But besides the trees themselves, parts of trees are frequently borne. We find the trunk(fr. tronc d'arbre), stock, stem, stump(fr. souche), or body, the terms appearing to be used indiscriminately by heralds, but meaning the same thing; these are generally blazoned as couped, and if not it is implied; they are also frequently eradicated, and it should be stated when they have branches(as in the arms of BOROUGH above) or slips, as in the arms of STOCKDEN below.
We find also the term limb used, and this is generally represented raguly(similar to which, perhaps, is the fr. noueux). It should be drawn so as to give the appearance of wood, and not to be mistaken for a fesse or bendraguly; and its position should be denoted; if not it should be drawn in pale.
We next find branches(fr. branches), boughs(fr. rameaux), twigs, sprigs, slips, and the term scrogs: to these terms certain differences are assigned, but the rules laid down are not very rigorously followed. The branch, if unfructed, should consist of at least three slips, but if with fruit then four leaves are sufficient; the sprig should have at least five leaves, the slip should have but three. The branches represented borne in the beaks of doves are no doubt olive branches. Many of the terms noted on the previous page as applied to the tree are also found applied to the branches, &c. As to stavedbranches(if the word is not a misreading of starved=withered), it may mean that they are lopped to represent staves.
Trefoil, (fr. trèfle): the term 'iij foils,' i.e. 'trefoils' seems to occur in blazon as early as Edward II.'s reign; but whether the 'three leaves' were conjoined or separate there is no evidence to shew; the term may possibly afterwards have been adopted to represent the clover leaf.
The ordinary form is that shewn in the margin, but it is subject to variations. It is, however, always borne with a stalk, generally ending in a point, when the term slipped is used.
If, however, the stalk is not represented as torn off(which the term slipped implies) it must be described as couped. A trefoil doubly slipped would be drawn as the first figure in the margin; but if raguly and couped, as the second figure. With French heralds the trèfle is distinguished from the tiercefeuille by the former having a stalk and the latter not.
With the trefoil may be classed the shamrock, i.e. the three-leaved clover, which is considered the badge of Ireland, being traditionally associated with S.Patrick, who is said to have adopted it as a symbol of the doctrine of the Trinity.
The Cross botonny, §14, is by some called treflée, and not inappropriately, but the former is the more usual term. Trellised, (fr. trelissé, or treillé): sometimes used, perhaps, for fretty when with a smaller mesh; and this is usually so with French heralds; but with English heralds it is said to be equivalent to Lattised, q.v. Tremoile or Tremaille: this puzzling name occurs in an ancientroll, and the copyist in 1562 supposed the bearing to be 'men's hearts.' It has been thought that they were trefoils, and that both the name and the drawing had been mistaken. Mr.Wyatt Papworth puts them under 'mill-hoppers' (Qy. the wooden troughs belonging to a corn-mill) in noting these arms, but gives no reason. The family of TREMAYLE seem to bear three brogues(see under Foot), but in one blazon they are described as bearing trammels, the meaning of which is doubtful.
Tressure, (old fr. tressour, fr. trecheur): a subordinary, considered by some as a diminutive of the orle. It may be single or double(and some say even triple), but is mostly borne double, and fleury-counterfleury, as in the royal arms of Scotland, q.v., whence the charge is sometimes called 'the royal tressure.' When impaled, it is said to follow the rule of the bordure, and not to be continued on the side of the impalement, but several exceptions may be found. When an ordinary is described as within a tressure it should extend only to the inner side of the tressure.
Charges may be described as fretted in triangle, e.g. in the arms of TROUTBECK(under Salmon), or nowed in triangle, as in those of BRADWEN under Serpent. The insignia of the Isle of MAN are sometimes blazoned as flexed in triangle(see under Leg; also Arm). The term has also been awkwardly applied by some writers to cases where charges are borne transposed(as is very rarely the case), i.e. one(in chief) and two(in base). Trick: In trick, or tricking, is an expression used when the arms instead of being blazoned in the ordinary way are roughly sketched in, and the tinctures added, and other notes(such e.g. as the repetition of the charge) by abbreviations or signs. The letters usually adopted by the heralds, many of whose note-books we possess, compiled during their visitations, are, o for or, a for argent, b for azure(instead of az. which might be mistaken for ar.); g for gules; v for vert; s for sable; p for purpure; er for ermine(rarely; being more often used); ppr for proper. The accompanying figures are taken from a copy made by Nicholas Charles in 1606[Harl. MS. No. 6589, fol. 5 and fol. 6 verso] of a Roll of Arms temp. Ed. I. Besides copying the blazon, he has also here and there added the coats of arms in trick. It will at once be seen how simple the system is. At the same time in some of the visitations of heralds the arms are very difficult to decipher, and the animals and birds are generally drawn very roughly.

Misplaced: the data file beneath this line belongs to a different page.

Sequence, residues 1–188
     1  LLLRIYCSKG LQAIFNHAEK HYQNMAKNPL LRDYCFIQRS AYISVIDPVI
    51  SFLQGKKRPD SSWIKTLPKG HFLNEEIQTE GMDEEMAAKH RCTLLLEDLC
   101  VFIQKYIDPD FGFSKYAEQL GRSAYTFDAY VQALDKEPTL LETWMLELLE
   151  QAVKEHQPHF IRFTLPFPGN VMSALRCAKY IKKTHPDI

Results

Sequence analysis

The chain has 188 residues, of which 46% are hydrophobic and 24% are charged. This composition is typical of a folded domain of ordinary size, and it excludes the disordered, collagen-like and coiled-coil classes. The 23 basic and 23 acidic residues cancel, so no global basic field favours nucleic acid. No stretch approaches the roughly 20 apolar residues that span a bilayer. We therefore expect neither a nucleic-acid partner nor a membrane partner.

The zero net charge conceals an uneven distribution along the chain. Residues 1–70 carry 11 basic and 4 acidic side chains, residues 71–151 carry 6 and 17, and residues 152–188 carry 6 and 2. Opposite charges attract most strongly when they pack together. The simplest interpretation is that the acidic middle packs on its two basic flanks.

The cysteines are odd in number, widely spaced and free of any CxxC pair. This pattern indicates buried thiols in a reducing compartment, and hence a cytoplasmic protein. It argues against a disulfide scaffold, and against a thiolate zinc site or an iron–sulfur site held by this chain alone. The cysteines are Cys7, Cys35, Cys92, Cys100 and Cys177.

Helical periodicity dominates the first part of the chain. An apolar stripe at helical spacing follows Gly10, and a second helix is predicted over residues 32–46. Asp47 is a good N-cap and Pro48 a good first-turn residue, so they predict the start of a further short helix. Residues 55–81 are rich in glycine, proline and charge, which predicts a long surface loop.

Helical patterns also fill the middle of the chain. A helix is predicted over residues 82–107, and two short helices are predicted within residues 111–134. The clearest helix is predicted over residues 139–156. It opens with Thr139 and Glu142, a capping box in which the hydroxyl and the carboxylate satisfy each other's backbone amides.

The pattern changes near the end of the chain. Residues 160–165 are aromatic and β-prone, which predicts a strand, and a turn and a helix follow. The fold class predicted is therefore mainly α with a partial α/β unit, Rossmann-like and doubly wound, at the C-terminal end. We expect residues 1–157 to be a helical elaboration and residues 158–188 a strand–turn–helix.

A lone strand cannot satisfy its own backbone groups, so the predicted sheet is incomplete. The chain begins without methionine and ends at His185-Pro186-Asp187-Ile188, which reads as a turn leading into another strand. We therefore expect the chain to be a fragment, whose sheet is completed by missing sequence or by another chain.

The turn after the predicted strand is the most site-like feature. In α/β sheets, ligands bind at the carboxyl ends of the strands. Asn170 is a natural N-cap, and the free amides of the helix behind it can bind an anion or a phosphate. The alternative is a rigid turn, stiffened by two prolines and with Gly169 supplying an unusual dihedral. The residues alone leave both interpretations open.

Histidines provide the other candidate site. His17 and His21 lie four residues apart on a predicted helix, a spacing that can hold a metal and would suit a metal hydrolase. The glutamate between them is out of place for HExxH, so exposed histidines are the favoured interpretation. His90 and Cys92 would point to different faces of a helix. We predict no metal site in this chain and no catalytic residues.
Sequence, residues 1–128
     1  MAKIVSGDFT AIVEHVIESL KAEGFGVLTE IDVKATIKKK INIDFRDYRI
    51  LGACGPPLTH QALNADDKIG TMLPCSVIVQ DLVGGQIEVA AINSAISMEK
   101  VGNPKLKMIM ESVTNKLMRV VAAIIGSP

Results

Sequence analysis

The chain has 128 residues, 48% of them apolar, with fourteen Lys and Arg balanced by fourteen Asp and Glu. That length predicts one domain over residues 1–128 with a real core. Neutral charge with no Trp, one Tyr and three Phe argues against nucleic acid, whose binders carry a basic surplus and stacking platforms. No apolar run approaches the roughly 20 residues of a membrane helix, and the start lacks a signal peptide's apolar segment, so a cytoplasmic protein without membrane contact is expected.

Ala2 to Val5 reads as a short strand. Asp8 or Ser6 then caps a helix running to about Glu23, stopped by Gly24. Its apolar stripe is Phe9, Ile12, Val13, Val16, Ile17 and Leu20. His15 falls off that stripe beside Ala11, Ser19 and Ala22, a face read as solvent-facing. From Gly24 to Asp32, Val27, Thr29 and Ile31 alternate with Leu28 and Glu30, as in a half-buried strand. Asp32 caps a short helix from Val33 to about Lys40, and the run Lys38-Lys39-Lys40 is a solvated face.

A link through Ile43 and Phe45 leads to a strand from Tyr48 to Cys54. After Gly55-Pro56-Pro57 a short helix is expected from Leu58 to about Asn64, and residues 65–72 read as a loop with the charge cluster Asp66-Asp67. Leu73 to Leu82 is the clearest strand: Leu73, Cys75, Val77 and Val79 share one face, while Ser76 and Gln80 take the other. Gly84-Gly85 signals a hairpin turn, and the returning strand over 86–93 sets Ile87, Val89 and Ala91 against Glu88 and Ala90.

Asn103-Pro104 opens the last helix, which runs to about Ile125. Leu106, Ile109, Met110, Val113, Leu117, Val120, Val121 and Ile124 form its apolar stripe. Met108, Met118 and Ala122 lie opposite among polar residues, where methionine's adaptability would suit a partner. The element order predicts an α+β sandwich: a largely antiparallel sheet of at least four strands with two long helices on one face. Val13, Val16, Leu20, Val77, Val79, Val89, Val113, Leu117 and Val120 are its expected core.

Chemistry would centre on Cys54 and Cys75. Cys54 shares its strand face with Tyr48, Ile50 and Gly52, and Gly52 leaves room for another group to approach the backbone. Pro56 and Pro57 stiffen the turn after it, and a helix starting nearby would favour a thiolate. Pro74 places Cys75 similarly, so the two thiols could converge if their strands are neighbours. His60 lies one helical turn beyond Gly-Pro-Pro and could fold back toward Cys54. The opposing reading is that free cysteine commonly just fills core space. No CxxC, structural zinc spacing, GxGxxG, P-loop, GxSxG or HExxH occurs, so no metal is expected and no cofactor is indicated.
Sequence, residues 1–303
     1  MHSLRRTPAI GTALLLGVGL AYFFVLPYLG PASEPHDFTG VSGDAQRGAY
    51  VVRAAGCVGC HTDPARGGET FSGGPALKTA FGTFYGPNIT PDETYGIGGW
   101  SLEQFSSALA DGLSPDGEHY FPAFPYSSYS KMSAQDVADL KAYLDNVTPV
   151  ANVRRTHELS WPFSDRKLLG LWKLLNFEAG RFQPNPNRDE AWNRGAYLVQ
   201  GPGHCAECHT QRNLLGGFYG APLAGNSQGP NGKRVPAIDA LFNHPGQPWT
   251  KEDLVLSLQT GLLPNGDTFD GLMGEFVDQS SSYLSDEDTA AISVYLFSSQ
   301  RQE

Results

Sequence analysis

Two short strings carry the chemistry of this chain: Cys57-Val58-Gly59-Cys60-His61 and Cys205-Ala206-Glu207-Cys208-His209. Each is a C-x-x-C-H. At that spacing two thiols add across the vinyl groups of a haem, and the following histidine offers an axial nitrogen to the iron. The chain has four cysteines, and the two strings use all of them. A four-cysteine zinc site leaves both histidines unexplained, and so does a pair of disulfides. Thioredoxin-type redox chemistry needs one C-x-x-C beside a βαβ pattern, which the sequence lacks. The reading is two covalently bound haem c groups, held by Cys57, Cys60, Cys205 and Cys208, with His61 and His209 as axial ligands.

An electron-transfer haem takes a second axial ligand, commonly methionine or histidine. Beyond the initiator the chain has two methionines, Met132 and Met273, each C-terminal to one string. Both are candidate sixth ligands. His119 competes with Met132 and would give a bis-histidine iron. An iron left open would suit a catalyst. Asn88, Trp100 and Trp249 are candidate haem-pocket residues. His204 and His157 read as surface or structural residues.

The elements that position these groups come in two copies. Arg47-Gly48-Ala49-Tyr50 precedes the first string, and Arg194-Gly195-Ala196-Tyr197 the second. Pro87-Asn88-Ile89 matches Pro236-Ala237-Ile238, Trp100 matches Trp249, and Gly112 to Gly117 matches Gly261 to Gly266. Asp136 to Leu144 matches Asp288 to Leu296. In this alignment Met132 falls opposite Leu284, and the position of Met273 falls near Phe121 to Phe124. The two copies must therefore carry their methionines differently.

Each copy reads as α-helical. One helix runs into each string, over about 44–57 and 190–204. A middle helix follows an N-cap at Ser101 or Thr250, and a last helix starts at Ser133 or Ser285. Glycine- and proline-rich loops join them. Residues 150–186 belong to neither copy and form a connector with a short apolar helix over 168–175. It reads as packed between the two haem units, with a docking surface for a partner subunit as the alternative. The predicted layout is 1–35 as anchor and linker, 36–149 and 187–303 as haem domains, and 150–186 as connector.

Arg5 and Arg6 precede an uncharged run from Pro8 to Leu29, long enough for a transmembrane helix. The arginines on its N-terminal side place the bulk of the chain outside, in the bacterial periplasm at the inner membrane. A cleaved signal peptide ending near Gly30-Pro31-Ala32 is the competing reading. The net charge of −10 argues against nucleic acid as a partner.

Trowel: used by plasterers, and borne by the PLASTERERS' Company, in which it appears as in the margin. The arms will be found blazoned under the wordHammer. True lovers' knot. See Cord. Trumpet: this musical instrument is found not unfrequently in the older rolls of arms, and has several shapes, but that annexed is the most common; sometimes it is drawn flexed, taking the shape of the letter S. The trumpet in the insignia of the Benedictine Abbey of ATHELNEY is shaped like a cow'shorn.
Tun, (fr. tonneau, but if small, barillet): a large barrel, represented usually as in the margin, that is lving length ways. They are sometimes represented with the hoops of another tincture. It occurs in the insignia of the BREWERS' and VINTNERS' Companies, as well as in the arms of a few families. Sometimes the term hogshead, or barrel, or even tub, is used, and perhaps in that case the charge should be drawn upright. It was very commonly used in the Rebus, q.v., so many names ending in ton. [See example of the lionhopping on a tun for name of Hopton under Lion.]
With the above must be grouped the flounder, or flook, as it is called in Scotland, which is probably not to be distinguished from them. Mr.Moule also finds that at Yarmouth this fish is called a butt; in Cornwall he has found the local name to be the carter fish, hence he concludes that the fish borne respectively in the arms of BUTTS and CARTER are meant for a fish of this kind. What the bret fish is, or the birt, he does not seem to have determined. The following examples are taken from his work.